“That was the biggest alarm,” Oliver said. “Two weeks ago I got my hands on the pricing summary, and for this $40 million project, the proposal I was given had four line items. Four. I was incensed when I saw that.”

Oliver said the board is now working with TUSA Consultants to find ways to reduce the cost of the project, but said even having the board agree to that was difficult.

In his letter to county commissioners, he said at least two other board members voted against having an outside consultant to “manage the project and ensure accountability, quality and pricing oversight.” Though the project has been moving along, Oliver said Harris still hasn’t produced a formal timeline, which he’s requested. In the meantime, the MCCD is paying $22,000 a month to maintain its current radio system, according to Oliver.

“That’s $22,000 per month for a preventive maintenance contract by a local company that sometimes will only provide 30 hours of service per month,” Oliver wrote in his letter to commissioners. “Three county employees are currently on payroll who could perform many of the basic checks being performed.”

Despite his concern with the current project, Oliver said it’s not the only financial habits of the MCCD that worries him. The board – which has a $14 million budget this year — has recently seen a boost in revenue because of increased fees at the state level on cell phone and landline phone users, and Oliver has been a vocal proponent of spending that money wisely.

In the past year, Oliver has spoken out against what he called “excessive” merit raises the MCCD was implementing automatically. He also publicly took issue with a health insurance package that was tailored for a single retired employee — former Director George Williams.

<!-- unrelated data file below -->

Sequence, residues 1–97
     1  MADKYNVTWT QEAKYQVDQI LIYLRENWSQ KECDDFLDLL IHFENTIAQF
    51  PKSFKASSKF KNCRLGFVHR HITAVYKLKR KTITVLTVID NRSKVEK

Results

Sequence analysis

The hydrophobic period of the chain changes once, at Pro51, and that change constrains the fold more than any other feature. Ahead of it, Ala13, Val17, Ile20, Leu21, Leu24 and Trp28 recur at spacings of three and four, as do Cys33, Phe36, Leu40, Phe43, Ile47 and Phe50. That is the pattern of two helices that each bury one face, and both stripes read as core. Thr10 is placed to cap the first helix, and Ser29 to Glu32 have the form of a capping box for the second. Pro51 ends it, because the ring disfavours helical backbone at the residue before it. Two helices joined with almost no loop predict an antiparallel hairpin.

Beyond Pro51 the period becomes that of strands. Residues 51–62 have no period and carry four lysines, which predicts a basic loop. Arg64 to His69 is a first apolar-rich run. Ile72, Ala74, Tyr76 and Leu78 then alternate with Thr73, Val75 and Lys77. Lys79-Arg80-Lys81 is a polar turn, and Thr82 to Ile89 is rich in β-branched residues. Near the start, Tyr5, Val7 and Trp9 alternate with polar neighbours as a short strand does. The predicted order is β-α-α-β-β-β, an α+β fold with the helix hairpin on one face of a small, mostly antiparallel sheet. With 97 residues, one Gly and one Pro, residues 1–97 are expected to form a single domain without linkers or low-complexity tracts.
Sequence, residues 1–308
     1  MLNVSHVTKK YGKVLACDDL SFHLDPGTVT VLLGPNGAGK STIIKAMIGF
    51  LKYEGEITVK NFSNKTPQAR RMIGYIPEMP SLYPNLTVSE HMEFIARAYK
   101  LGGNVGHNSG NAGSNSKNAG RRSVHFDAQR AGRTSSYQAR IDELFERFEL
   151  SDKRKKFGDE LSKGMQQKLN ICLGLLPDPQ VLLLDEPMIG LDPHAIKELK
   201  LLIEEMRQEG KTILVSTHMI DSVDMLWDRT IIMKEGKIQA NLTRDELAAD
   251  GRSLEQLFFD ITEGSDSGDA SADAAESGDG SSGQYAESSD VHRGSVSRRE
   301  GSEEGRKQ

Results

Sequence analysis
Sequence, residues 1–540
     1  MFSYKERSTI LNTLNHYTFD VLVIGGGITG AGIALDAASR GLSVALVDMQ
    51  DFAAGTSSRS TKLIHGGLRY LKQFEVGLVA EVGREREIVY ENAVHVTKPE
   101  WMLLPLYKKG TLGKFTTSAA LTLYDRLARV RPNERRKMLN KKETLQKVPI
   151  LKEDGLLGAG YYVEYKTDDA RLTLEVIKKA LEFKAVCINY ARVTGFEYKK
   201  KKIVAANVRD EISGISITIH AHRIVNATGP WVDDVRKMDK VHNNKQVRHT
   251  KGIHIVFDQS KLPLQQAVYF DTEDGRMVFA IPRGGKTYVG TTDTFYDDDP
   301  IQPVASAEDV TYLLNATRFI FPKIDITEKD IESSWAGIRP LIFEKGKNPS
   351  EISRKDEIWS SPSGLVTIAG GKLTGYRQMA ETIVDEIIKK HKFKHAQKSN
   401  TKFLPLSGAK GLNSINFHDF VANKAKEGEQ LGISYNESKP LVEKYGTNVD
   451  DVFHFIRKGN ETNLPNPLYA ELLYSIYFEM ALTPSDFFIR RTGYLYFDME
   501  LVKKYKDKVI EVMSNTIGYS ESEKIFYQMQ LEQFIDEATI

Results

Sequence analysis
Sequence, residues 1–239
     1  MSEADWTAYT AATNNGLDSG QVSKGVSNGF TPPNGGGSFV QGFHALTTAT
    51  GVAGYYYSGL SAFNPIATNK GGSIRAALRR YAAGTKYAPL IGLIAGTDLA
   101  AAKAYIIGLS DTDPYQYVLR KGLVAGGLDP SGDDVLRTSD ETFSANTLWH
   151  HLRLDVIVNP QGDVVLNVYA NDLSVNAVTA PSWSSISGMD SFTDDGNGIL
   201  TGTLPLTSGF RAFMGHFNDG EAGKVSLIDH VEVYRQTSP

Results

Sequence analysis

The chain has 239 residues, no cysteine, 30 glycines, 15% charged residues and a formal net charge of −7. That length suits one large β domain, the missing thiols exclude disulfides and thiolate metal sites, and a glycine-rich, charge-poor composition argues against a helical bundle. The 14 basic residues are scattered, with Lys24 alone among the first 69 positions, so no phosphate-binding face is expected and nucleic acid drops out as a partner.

“I’ve seen no effort to save money or reduce the cost of these projects. The district is slinging extra money around because all that extra revenue is coming through the state,” Oliver said. “I call it OPM or ‘other people’s money.’ People, especially politicians, get addicted to OPM like the drug Opium and they spend it with no respect to stewardship, transparency or oversight.”

Also in his letter to commissioners, Oliver addressed the recent resignation of former board president and Mobile County Engineer Joe Ruffer. Ruffer, who served on four county boards simultaneously, stepped down from all of them in March as advised by the Alabama Ethics Commission.

Since then, his position has not been filled, and Oliver encouraged the commission to fill his vacancy quickly saying the MCCD “desperately needs someone to bring the city of Mobile’s best interest to the table.”

Former Mobile Fire-Rescue Department Chief Stephen Dean has served on the board since 1999, and though he remains on the 911 board, Dean wasn’t reappointed to his position as fire chief when Mayor Sandy Stimpson took office in 2013.

In his letter, Oliver writes, “to say Commissioner Dean is not happy with the city would be a understatement.”

Attempts to reach MCCD Director Gary Tanner for a comment on this report were made, but as of press deadline were unsuccessful.